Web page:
“Why should my son trust in a banking app when he can trust in a bitcoin app?”

“He believes in decentralisation, a world in which where there is no boss.” Because, at the end of the day,  it’s your boss that makes a system inefficient and corrupt.


Learn more about Jaggaer and  REVInternational 2018 

Don’t Go Chasing Procurement Unicorns

Trying to build a team of procurement unicorns? You might just want to re-think your strategy…

What makes a procurement unicorn?

They’ve got the grades, the qualifications and years of relevant experience. They tick off every core procurement skill in the book and they’ve worked for some big-name companies.

In short; on paper, they’re perfect.

If you’re self-proclaimed unicorn hunter, you’re probably hoping to fill your entire procurement team with a herd of these mythical creatures. Because you think that’s what’s best for your business…

And that’s where you’d be very wrong. Because in today’s world, Unicorn = Uniform!

With this narrow outlook on your recruitment processes, you run the risk of missing out on extraordinary talents.

It’s impossible to know the unique skills, experience and perspective that a potential hire can bring to your team if you don’t open your mind to their many differences and diversities.

In our upcoming webinar Don’t Go Chasing Unicorns we’ll be celebrating individuality. Join us on 18th July as we explore how organisations can better accommodate people  who are differently abled; whether it’s those with physical disabilities or people who are neuro-diverse.

We’ll be discussing:

  • The importance and benefits of recruiting and retaining differently-abled people to your teams
  • Why it is such terrible idea to set your sights on procurement unicorns!
  • How  procurement pros can help to build truly diverse teams and foster a workplace environment that is inclusive to everyone?
  • How are some of the biggest organisations making the workplace inclusive and accessible for everyone?

Who is speaking on the webinar?

Tania Seary, Founder – Procurious

A true procurement entrepreneur, Tania is the Founding Chairman of Procurious, The Faculty and The Source. Throughout her career, Tania has been wholly committed to raising the profile of the procurement profession and connecting its leaders.

After finishing her MBA at Pennsylvania State University, Tania became one of Alcoa’s first global commodity managers.

In 2016, Tania was recognised by IBM as a #NewWaytoEngage Futurist and named “Influencer of the Year” by Supply Chain Dive. She hosts regular procurement webinars, and presents at high-profile events around the world.

Darren Swift

In 1991 Swifty was injured by a terrorist attack that resulted in him loosing both his legs above the knee. During his extensive rehab he made a decision to not let his injury affect his life or career going forward.

Since then Swifty has gone on to achieve a huge amount including becoming the first ever double above knee amputee solo skydiver and snowboarder. Swifty’s unique and inspiring story demonstrates the need for employers to be open minded when hiring as without this outlook they could miss out on an extraordinary talent!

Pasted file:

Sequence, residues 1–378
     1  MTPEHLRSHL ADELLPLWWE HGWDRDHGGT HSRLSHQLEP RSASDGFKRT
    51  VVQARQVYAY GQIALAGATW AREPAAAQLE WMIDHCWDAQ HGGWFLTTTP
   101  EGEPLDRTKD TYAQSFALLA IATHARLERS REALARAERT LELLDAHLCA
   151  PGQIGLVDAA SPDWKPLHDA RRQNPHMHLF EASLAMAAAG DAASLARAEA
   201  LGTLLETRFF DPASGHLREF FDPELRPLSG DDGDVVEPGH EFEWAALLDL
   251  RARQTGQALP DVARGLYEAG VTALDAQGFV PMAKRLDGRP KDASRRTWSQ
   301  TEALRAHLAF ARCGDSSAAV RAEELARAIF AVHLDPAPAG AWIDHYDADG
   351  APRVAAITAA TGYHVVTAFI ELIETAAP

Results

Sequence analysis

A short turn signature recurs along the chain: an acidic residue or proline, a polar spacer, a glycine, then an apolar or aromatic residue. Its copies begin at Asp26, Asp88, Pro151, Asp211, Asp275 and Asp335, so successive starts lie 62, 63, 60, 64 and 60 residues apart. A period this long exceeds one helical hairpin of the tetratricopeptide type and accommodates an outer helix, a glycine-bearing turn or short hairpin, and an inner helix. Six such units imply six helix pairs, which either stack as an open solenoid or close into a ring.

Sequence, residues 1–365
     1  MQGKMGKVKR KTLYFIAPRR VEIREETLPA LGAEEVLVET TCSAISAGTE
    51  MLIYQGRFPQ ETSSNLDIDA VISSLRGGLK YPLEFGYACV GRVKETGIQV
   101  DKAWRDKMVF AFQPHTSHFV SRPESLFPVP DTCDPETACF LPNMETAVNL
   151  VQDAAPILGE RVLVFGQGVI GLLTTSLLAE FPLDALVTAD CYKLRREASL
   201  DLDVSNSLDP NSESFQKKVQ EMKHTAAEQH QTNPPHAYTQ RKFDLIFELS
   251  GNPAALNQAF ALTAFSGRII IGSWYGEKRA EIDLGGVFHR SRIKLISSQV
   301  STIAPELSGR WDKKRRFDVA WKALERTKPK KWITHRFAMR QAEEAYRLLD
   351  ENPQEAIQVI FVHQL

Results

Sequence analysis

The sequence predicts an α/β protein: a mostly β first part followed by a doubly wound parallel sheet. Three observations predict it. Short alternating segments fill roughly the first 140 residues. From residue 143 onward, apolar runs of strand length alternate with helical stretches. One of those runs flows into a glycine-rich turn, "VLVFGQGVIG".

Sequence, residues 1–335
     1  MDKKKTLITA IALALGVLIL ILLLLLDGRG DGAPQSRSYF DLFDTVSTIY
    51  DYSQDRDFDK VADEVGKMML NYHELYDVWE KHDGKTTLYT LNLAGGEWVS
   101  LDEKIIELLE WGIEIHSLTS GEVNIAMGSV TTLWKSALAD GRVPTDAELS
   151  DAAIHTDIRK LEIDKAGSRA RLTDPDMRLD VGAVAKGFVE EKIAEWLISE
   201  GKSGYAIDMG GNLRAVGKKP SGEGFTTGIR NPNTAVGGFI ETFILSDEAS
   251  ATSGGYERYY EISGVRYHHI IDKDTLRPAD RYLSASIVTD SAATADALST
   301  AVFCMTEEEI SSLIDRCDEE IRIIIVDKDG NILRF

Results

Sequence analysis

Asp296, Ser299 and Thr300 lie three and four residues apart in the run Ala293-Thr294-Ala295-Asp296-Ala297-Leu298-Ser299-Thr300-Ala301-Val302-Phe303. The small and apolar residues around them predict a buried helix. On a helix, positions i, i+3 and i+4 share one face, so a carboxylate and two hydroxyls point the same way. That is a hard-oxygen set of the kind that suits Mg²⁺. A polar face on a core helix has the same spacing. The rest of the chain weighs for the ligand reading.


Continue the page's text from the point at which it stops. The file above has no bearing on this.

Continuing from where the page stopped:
Timo Worrall, Senior Category Manager, Facilities Management – Johnson & Johnson

Timo is responsible for the procurement of Facility Services across J&J’s global portfolio, including leading recent initiatives in EMEA and APAC. He is a key part of the team that has implemented the ‘Social Impact through Procurement’ initiative through the J&J business in the UK, including driving the introduction of Social Enterprises into the facilities supply base. It is this work with social enterprises that will help J&J reach its target of a £15 million of social value spend by 2020.

Timo’s work includes contracting a 3 per cent social value target into two regional FM contracts, that will deliver £3 Million of social value across Europe and Asia. Timo believes passionately about the impact that big business can have on impacting the lives of those disadvantaged in our society. He lives in Woking, Surrey, with his wife and two children.

Julie Gerdeman, General Manager, SAP Ariba

Julie Gerdeman is GM Payments & Financing at SAP Ariba. In this role, she is responsible for all aspects of the company’s strategy and execution to transform global B2B payments.Prior to this role, Ms. Gerdeman led the SAP Ariba Digital Transformation Organisation. This team of 100+ advisors lead SAP Ariba’s delivery of customer value: from identification, to enablement through realisation.

Before joining SAP Ariba, she held various leadership positions in sales, customer success and marketing at J.P. Morgan Chase and American Express.Ms. Gerdeman holds a B.A. from Dartmouth College and lives with her family in the Lehigh Valley, Pennsylvania. She is a member of the board of directors for Apparent Financing, an SAP.io funded start-up that leverages data from the Ariba Network to facilitate financing to small business suppliers. Ms. Gerdeman is also the global executive sponsor for Diversity & Inclusion at SAP Ariba and speaks and blogs frequently on this topic.

How do I register for the webinar?

Registering for Don’t Go Chasing Unicorns couldn’t be easier (and, of course, it’s FREE!)

Click here to enter your details and confirm your attendance. We’ll send you a email with a link to the webinar platform in the run up to the event.

I’m already a member of Procurious, do I still need to register?

Yes! If you are already a member of Procurious you must still enroll to access the webinar. We’ll send you a email with a link to the webinar platform in the run up to the event.